"All I wanted was acceptance (as a child)," she admits. "I stole money, I stole candy, I stole things because I wanted the other kids to like me. I just wanted to feel accepted. I would be handing out things to people saying, 'Please like me, be my friend.'"

But she still found herself being labeled, being called "too tall," "retarded," "flat-chested" and a host of other things.

"I have no patience for stupidity. I believe if you need to put someone down, you have an insecurity," Buckley said. She's the first one to admit that labels can be painful to people.

"That phrase, 'sticks and stones may break my bones, but words can never hurt me' — it's a crock. We hear those words, internalize them, analyze them. I don't want people to go through pain that's unnecessary, I want people to stop the self-abuse. I want people to leave after hearing me speak, thinking 'I'm OK.'"

It took the near-fatal Jeep accident in 1974 for Buckley to start thinking positive thoughts about herself. Although the Jeep ran her over, resulting in intermitted paralysis for years, she lights up when she speaks about that fateful day.

"It was absolutely incredible, a blessing, a gift, the ultimate reason for being," she recalls. "I spent the first 20 years of my life looking for love, warmth and acceptance. Once I died, I got a love that was out of this world. I got the gift of choice — to stay there or go back to my life. There's something about the right to choose — the great thing about choice is that it's unlimited."

"Life is quite simple, I learned," she continues. "It was me who was making it so much more difficult. I could choose to be happy or sad. And happy seems to bring more elements to my life."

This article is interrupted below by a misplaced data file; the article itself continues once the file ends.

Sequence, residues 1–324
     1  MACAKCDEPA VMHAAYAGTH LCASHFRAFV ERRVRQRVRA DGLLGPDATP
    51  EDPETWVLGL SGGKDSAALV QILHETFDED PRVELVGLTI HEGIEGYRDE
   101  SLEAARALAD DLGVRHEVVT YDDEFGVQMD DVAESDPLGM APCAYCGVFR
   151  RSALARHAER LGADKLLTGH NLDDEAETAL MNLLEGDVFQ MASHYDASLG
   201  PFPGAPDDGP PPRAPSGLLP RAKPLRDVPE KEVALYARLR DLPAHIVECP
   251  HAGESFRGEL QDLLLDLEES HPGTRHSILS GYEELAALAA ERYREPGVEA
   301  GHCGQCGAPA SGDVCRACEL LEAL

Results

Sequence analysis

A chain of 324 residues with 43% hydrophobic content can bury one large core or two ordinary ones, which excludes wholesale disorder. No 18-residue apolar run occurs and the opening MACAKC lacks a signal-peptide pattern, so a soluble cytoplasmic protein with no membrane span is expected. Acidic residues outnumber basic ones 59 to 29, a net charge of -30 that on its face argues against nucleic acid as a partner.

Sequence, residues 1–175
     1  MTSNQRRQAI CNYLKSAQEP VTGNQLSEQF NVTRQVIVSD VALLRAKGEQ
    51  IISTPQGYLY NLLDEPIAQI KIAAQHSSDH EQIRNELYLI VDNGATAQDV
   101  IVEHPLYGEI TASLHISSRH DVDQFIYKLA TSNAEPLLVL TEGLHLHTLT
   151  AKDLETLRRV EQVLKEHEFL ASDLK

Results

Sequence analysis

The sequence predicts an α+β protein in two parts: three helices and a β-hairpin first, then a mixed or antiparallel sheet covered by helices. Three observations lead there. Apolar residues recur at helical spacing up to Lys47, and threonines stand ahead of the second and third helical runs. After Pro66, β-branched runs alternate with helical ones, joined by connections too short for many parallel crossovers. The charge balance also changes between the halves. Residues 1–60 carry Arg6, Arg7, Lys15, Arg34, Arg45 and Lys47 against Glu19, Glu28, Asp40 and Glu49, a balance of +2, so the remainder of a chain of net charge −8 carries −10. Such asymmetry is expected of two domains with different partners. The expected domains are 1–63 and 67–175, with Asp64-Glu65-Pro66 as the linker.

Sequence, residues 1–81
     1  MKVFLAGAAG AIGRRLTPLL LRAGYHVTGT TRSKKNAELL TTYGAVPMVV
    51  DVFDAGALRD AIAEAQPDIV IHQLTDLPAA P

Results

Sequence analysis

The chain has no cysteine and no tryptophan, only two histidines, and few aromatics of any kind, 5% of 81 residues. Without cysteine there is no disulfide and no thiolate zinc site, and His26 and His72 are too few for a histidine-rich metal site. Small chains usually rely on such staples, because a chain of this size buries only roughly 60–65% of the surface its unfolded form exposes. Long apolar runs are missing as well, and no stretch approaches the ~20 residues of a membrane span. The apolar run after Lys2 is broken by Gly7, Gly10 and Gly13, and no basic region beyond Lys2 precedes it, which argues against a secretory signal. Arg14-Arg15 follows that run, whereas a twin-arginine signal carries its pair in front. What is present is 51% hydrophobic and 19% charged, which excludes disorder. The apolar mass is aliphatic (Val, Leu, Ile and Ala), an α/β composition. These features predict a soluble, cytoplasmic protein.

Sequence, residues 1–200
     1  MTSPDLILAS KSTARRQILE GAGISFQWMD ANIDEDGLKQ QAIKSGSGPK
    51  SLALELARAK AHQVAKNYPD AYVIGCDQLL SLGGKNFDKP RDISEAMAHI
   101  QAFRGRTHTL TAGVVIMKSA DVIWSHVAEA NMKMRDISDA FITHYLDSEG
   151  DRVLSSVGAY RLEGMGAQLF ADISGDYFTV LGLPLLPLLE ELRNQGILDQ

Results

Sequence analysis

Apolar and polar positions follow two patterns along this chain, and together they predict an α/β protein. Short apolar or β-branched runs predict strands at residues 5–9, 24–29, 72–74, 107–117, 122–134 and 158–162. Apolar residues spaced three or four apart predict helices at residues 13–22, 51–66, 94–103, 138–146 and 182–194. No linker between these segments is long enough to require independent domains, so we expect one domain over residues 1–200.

When Buckley speaks, whether to a crowd of 1,000 or on a one-on-one basis, her zest for life is evident. She's animated, laughing, but always graceful - a powerhouse of positive thought.

"I live life for each day, each moment. I love talking to people every day. If you don't want to talk to me, that's your choice, but I'm going to party it up," Buckley said.

As an example, she tells a story about an encounter at the airport. "I was going through security, and the guards are standing there, so serious," she begins. "One asks me if I have anything on under my sweatsuit that isn't supposed to be there. And I said, 'I don't even have the stuff that is supposed to be there.' They laughed, but said, 'This is serious stuff.' I said, 'I am serious!'"

Buckley's motto, "live life to the max," applies in many forms to her everyday life. Whether it's resting on a blanket and staring at the moon with her godchild or watching the leaves of an avocado tree dance outside her window, Buckley loves to savor the everyday, simple things that so many of us take for granted.

"It's easy to get caught up in raising a family, paying the mortgage," she admits. "You just can't take things for granted. How many people are making love and are thinking about their work place? You've gotta' live in the moment."

Buckley believes women "are the most incredible species," but "are such a pain sometimes. We're always trying to fix ourselves. We aren't broken. We're comparing ourselves to things that don't really exist. Barbie and Pamela Anderson are not normal."

But just because she lives in the moment doesn't mean she's lacking a plan for the future. She hopes to be on a TV series where she can touch people on a broader scale without having to leave her home in California. ("All the traveling, living on planes and out of hotels, takes its toll on your body," she explains. "I once was in 10 states in nine days...that's just crazy.")

And if there's one comedian who has demonstrated mass appeal, it's Buckley. Kids love her, but she's also someone to whom teens, adults and seniors can all relate.

"When I was doing my one-woman show in L.A., I saw this 5-year-old girl in the audience. On the other side of the room, was a man who had to be 90-something. I was amazed at what a wide appeal my show had." She pauses, then adds, "But I was really impressed that neither one of them fell asleep. Two points for me!"

She's planned a ten-day break from work this month — a much-deserved trip to Fiji, where she won't have to worry about things like phones, televisions or battling the L.A. traffic in her Jeep.

Yes, you read correctly. Buckley is the owner of a Jeep Cherokee.

"If I'm going to be around a Jeep," she says. "I'm going to be inside of it, not under it."